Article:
A national survey data by the researchers at the National Institutes of Health (NIH) and the Centers for Disease Control and Prevention (CDC), diagnosed the prevalence of diabetes in U.S. adults aged 20 and older, and reported that it has risen from about 5.1 percent to 6.5 percent, from two periods--1988 to 1994 and 1999 to 2002.
No significant increase in the percentage of adults with undiagnosed diabetes was seen. One-third of the people with diabetes (i.e. about 2.8 percent of U.S. adult) are still unaware of having diabetes.
It is a class of diseases characterized by high levels of blood glucose resulting either from defect in insulin production, insulin action, its release or all the above. It is the most common cause of blindness (retinopathy), kidney failure (nephropathy), and amputations in adults (neuropathy) and an important cause of heart disease like atherosclerosis and stroke.
Pre-diabetes - impaired fasting glucose (IFG) exists in about 26 percent of adults aged 20 and older. IFG, has an increased risk of developing heart disease as well as type 2 diabetes.
Dr. Larry Blonde, chair of the National Diabetes Education Program (NDEP), jointly sponsored by the NIH, CDC, and 200 partner organizations says, 'If your blood glucose is high but not high enough to be diagnosed as diabetes, losing weight and increasing physical activity will greatly lower your risk of getting type 2 diabetes. If you have diabetes, controlling your blood glucose, blood pressure, and cholesterol will prevent or delay the complications of diabetes'.
Non-Hispanic blacks aged 20 and older, and people aged 65 and older had diabetes to nearly about 13 percent and 22 percent respectively. Thus diabetes was twice as common in non-Hispanic blacks compared to non-Hispanic whites - Researchers found.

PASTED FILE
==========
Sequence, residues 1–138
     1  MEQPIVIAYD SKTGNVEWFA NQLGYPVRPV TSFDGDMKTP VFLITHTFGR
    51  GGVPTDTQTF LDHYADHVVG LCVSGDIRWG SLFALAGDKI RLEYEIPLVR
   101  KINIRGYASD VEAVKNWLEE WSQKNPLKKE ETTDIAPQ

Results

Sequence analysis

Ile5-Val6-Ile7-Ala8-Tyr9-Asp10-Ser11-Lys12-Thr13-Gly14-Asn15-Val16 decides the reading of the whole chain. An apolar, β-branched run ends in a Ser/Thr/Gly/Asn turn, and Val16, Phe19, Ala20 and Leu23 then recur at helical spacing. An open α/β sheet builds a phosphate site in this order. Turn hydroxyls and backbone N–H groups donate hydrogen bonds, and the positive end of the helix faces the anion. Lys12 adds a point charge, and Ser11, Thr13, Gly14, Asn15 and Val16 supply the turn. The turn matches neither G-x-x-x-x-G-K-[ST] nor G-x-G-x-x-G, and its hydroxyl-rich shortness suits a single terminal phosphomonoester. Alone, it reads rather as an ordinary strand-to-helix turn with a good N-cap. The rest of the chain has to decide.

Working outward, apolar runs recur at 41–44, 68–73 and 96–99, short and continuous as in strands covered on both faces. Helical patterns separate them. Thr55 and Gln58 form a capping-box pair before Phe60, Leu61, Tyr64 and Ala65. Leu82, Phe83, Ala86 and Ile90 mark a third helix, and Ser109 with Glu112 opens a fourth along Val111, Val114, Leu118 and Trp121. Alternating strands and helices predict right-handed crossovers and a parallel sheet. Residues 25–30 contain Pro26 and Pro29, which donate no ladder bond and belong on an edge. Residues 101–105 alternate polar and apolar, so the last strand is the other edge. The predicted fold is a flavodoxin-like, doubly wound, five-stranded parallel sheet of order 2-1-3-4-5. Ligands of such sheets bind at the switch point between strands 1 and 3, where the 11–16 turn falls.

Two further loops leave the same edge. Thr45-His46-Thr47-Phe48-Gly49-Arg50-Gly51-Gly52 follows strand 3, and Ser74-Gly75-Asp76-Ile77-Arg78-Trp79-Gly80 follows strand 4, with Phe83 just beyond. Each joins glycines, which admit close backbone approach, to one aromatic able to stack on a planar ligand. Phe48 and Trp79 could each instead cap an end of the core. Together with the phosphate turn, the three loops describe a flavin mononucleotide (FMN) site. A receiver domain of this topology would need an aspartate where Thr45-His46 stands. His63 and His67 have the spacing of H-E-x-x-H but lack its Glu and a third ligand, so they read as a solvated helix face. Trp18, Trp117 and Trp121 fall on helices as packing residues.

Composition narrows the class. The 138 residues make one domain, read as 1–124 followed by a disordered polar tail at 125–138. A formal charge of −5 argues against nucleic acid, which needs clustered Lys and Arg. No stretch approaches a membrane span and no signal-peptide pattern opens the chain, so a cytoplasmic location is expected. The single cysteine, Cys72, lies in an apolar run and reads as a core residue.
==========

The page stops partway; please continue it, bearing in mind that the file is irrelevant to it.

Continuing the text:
U.S. adults, aged 20 years and older, who took part in the National Health and Nutrition Examination Survey (NHANES) conducted by the CDC's National Center for Health Statistics, were taken as samples and in a study, the researchers compared two slices of data, one from 1988 to 1994 and the other from 1999 to 2002. A physical exam with a blood test,(overnight fasting glucose) and personal interview was made during the survey, which took part in their homes.The NHANES is unique because it includes a blood test that detects undiagnosed diabetes and IFG.
Leading author, Catherine Cowie, Ph.D., of the National Institute of Diabetes and Digestive and Kidney Diseases (NIDDK) reported that earlier analysis of NHANES also correlates with the present study results and found another 26 percent of adults have a form of pre-diabetes.
People with pre-diabetes may have IFG or impaired glucose tolerance (IGT) or both. In the future 10 years, pre-diabetes will put forth people into type 2 diabetics.
A major study of people with IGT has shown that lifestyle changes leading to a 5 to 7 percent weight loss lowered diabetes onset by 58 percent. Thus walking 30 minutes a day 5 days a week as a physical exercise and reducing daily calories in the diet, will reduce risk of developing diabetes - researchers of the current study says.